What Level Of Access To A Property Does A Surveyor Need?

Ideally, Surveyor like to meet property owners during there inspections as they are best able to answer any questions you may  have. However, Surveyor can meet tenants or agents if this is more convenient. Subject to prior agreement, surveyors may also be able to collect keys from an agent, returning these in person or by recorded post. If there is an alarm to the property can you please make sure the Surveyor is aware of this prior to attendance.

Will Pets Affect My Property Survey?

If you have any pets in the property please let the Surveyor know before visiting . Surveyors would usually appreciate if there placed in a separate room whilst they conduct the inspection so they do not cause any unnecessary distress to them.

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property renting faqs

I need to find a place to rent. What do I do first?

Before you start searching for your new home it’s a good idea to write down a budget. What are your current outgoings and what money do you have left each month to spend on rent? Take into account that, when you first move in, you will need to front a security deposit as well as the first month’s rent and a refundable holding deposit.

I've found a place I want to rent. Now what?

If you haven’t already, make sure you go and view the property. If it’s a house-share, meet all the people you’ll be moving in with. The letting agent will ask you to sign a Tenancy Fee Declaration form which lists the services they will provide and the Permitted Payments expected from you, in line with the Tenant Fees Act 2019. The agent will then begin the referencing process to ensure you’re in a position to rent the property.

Why do I need to be referenced?

The landlord needs to be sure that that their tenant won’t have any problems paying the rent on a monthly basis and that the tenant will take good care of their property.

What does referencing involve?

Referencing is nothing to worry about. Tenants applying to rent need to give details of their employer and income, their previous address, and some bank account details. These will be checked to ensure they are able to commit to monthly rental payments.

Do I need to show ID?

As part of the referencing process we need to be sure a tenant is who they say they are. We will require a proof of residency (such as a utility or council tax bill from the last 3 months) and proof of ID (such as a passport or driving licence).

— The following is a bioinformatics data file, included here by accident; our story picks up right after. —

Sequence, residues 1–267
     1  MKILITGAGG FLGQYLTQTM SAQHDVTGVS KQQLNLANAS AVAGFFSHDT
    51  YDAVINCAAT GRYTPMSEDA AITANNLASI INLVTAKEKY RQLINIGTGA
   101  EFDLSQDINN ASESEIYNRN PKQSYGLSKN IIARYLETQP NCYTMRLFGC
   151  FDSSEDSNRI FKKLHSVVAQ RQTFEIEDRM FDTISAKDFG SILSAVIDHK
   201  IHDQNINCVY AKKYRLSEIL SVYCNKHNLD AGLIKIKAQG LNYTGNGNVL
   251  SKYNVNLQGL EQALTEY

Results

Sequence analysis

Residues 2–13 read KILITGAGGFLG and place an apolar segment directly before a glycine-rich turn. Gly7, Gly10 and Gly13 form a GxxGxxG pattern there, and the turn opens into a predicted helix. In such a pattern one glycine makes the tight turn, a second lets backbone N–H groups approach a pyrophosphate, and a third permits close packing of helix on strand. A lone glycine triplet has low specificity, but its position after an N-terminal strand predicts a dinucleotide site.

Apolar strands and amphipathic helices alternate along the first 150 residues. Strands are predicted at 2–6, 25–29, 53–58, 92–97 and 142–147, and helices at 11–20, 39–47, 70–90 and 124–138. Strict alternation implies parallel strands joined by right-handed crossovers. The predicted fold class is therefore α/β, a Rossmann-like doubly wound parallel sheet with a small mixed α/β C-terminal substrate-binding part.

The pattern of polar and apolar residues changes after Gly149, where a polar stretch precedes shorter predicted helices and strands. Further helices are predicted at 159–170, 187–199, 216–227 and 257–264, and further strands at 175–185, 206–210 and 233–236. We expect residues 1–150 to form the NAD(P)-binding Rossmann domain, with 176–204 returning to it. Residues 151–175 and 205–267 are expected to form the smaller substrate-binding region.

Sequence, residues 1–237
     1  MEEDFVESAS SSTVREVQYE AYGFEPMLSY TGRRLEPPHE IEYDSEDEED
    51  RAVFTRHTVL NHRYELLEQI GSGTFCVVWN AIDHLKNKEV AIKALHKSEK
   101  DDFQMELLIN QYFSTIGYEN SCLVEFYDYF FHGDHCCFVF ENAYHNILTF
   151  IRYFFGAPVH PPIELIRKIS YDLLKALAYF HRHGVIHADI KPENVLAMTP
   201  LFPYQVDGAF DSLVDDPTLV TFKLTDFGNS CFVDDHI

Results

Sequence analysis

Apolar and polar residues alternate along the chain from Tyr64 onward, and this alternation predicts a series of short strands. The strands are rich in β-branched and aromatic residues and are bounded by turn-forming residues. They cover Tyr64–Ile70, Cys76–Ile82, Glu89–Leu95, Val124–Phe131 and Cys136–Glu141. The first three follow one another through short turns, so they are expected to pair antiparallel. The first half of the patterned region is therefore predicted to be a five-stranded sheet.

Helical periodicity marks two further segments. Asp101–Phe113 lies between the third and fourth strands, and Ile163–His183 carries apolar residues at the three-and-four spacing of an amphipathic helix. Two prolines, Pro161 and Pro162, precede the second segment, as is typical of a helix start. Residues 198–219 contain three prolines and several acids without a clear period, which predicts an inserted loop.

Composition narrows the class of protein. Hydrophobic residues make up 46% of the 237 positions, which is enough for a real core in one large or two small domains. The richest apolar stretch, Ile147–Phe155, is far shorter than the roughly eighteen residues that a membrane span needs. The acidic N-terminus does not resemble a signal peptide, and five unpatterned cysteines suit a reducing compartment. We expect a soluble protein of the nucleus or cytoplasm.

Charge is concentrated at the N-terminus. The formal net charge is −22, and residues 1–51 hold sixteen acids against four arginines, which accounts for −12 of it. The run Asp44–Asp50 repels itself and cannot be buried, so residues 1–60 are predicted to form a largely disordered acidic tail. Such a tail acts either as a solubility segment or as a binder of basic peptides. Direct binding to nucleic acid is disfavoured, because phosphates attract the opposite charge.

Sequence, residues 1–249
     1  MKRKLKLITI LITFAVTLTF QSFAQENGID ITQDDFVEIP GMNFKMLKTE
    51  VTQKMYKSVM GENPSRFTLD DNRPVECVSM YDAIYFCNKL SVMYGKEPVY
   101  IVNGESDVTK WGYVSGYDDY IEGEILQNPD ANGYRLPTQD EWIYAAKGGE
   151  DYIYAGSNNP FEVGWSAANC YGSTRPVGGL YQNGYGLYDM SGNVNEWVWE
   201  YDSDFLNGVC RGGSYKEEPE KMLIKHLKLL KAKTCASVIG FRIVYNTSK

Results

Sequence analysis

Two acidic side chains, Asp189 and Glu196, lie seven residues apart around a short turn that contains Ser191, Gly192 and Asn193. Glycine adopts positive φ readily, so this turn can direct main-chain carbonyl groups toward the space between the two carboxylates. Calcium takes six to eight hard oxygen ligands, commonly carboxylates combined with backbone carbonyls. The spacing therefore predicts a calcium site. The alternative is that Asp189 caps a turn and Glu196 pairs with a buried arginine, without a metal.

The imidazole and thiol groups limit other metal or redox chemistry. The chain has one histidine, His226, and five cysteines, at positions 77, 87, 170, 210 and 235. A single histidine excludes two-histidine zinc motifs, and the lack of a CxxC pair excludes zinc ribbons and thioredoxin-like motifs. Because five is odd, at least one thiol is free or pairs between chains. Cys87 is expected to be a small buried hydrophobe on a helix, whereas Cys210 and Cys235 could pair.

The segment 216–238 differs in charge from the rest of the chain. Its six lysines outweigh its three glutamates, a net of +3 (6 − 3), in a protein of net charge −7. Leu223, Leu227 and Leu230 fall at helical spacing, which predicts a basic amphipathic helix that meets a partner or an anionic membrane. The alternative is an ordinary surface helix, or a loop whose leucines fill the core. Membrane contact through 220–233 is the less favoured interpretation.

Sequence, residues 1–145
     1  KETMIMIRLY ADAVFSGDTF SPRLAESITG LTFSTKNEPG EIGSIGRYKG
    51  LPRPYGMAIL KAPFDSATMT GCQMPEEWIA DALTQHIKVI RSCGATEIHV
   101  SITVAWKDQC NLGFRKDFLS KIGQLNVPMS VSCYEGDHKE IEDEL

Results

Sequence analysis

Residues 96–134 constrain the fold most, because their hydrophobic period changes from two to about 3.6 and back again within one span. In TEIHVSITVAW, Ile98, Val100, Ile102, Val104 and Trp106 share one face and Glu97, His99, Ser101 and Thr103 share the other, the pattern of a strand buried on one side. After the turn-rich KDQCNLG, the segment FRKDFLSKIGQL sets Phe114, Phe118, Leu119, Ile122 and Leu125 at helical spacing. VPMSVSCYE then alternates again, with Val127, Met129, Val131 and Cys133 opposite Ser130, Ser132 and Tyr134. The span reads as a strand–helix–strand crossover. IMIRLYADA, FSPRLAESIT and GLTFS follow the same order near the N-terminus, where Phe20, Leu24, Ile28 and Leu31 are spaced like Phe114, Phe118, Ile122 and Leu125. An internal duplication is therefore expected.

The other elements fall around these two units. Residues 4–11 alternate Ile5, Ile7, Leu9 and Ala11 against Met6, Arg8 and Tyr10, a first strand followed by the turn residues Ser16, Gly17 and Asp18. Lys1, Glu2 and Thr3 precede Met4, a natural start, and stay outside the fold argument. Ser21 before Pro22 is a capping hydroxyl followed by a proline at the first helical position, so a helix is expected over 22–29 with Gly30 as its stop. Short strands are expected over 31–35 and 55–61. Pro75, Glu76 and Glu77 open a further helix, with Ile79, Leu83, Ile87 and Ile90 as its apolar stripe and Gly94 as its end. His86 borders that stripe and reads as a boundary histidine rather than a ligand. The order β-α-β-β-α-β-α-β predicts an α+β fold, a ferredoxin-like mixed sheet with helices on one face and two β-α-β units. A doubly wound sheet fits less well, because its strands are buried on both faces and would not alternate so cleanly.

What if there are problems with my reference?

In some circumstances, a tenant may not be approved immediately via referencing. Obvious examples are students without a regular income, or someone leaving their family home for the first time with no renting history. This is not uncommon, and there are still options for tenants in this position. They could pay the rent for the full term up front, or seek out a guarantor.

What is a guarantor?


If a tenant is not fully approved by the referencing process, they can ask a guarantor to support them. A guarantor (usually a parent or guardian) will agree to take joint responsibility for the rent for the property if the tenant fails to. Guarantors are required to pay any rent arrears (if the tenant does not pay) and for any damages costing more than the deposit.

What does a guarantor need to do?


A guarantor needs to go through the same referencing process as a tenant. The normal requirement is that they are employed and a UK resident, with sufficient earnings to cover the tenant’s rental commitment.

Why does my guarantor have to guarantee all tenants?


In the case of a house-share, the tenancy agreement makes all tenants jointly responsible for all rents and responsibilities. There is no individual ‘share’ of the rent written into the agreement. The guarantor therefore has the same responsibility.